Humans are largely exposed through drinking, or partaking in activities directly in contact with contaminated water (eg: swimming). Other routes of human exposure include contaminated foods and nutritional supplements. In typical exposures of mammals to toxic blooms, low to mild exposure levels are associated with irritant effects, including inflammatory responses from the skin, respiratory system, and gastrointestinal system. Higher exposure levels (particularly from oral intake), results in liver damage or failure in particularly high doses, with early symptoms typically appearing within minutes to hours of exposure ⁽²³⁾.
The primary ingestion route of microcystins into the human body is via the oral route, with the toxin being absorbed as it passes through the small intestine, with some evidence to support partial absorption through the stomach when ingested. The toxin then enters the blood stream, where it makes its way to the liver ⁽²⁴⁾. Although, the liver is adversely affected with the ingestion of the toxin, the extensive research effort onto microcystins has identified adverse effects to the following organs. It should be noted that the toxicological impacts were tested using rodents.
Nodularins are similar to microcystins in both structure and resulting hepatotoxic effects, with only five amino acids in their molecular structure (cyclic pentapeptitde) as opposed to the seven in microcystins (cyclic heptapeptide) ⁽ˢᵉᵉ ᶠᶦᵍ. ²⁾. However, unlike Microcystins which are produced by a wide range of cyanobacterium, nodularins are produced primarily by Nodularia spumigena. Only 10 structural variants of Nodularin have been identified, compared to the 80 congeners of Microcystins described. Currently, nodularin has only been recorded in N. spumigena strains in Australia, the Baltic Sea, and New Zealand ⁽³⁷⁾.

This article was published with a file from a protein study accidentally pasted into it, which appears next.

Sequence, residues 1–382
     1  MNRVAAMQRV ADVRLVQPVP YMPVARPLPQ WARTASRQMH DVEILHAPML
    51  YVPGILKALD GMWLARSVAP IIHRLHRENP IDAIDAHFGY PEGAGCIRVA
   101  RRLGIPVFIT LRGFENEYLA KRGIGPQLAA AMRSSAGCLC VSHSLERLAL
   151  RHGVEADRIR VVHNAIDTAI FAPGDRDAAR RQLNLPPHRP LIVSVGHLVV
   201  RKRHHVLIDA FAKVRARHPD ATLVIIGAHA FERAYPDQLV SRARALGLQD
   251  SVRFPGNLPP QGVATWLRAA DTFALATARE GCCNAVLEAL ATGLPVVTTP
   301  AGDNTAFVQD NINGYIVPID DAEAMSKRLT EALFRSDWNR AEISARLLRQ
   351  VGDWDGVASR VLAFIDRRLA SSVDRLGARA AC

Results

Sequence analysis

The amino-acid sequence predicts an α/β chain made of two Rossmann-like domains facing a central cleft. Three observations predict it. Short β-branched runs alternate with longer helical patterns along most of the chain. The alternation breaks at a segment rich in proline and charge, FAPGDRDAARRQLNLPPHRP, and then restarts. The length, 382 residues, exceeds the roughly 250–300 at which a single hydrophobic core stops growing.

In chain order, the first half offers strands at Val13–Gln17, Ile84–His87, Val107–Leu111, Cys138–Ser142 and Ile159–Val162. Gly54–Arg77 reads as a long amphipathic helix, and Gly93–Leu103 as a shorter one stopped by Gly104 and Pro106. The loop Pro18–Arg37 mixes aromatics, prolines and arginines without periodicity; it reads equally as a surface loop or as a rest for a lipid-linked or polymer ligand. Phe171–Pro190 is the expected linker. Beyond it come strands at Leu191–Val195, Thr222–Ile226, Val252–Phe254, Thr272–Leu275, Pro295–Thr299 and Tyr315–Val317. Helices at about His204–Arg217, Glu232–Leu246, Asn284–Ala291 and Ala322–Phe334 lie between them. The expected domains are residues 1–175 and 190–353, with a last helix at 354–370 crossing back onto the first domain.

Fig. 2: Example of one structural assortment of the ring-shaped nodularin chemical structure, with characteristic amino acids coloured ⁽⁵⁷⁾
Nodularin acts upon protein phosphatases in the liver which can lead to cytoskeletal and liver damage in significant doses ⁽³⁸⁾. In addition, nodularins have been identified as carcinogens in rodents, acting as strong tumour promoters particularly within the liver ⁽³⁹⁾. The pathway of nodularin toxicity has been identified as similar to microystin uptake, entering orally and accumulating predominantly in the liver via the small intestine. Symptoms of nodularin toxicity have been closely related to Microcystin impacts, however the exact mechanisms of its toxicity (particularly in humans) still require further studies ⁽³⁴⁾.
Listed below are some of the additional effects nodularins pose and the references for further information:
- Neurotoxicity ⁽⁴⁰⁾
- Reproductive toxicity ⁽⁴¹⁾ ⁽⁴²⁾
- Genotoxicity ⁽⁴³⁾ ⁽⁴⁴⁾
- Potential carcinogenicity ⁽⁴⁵⁾ ⁽⁴⁶⁾
Nodularin exposure is not as widespread as microcystin, as it rarely occurs in freshwater that is commonly used for drinking purposes. Instead, nodularin populations largely occur in brackish/saline water bodies, including saline and coastal lakes. From this, major exposure to nodularins is through oral consumption, including the accidental swallowing of contaminated water during recreational activities and seafood consumption. There have been no confirmed incidents of human intoxication from nodularin, but there have been numerous reports of livestock deaths ⁽³⁴⁾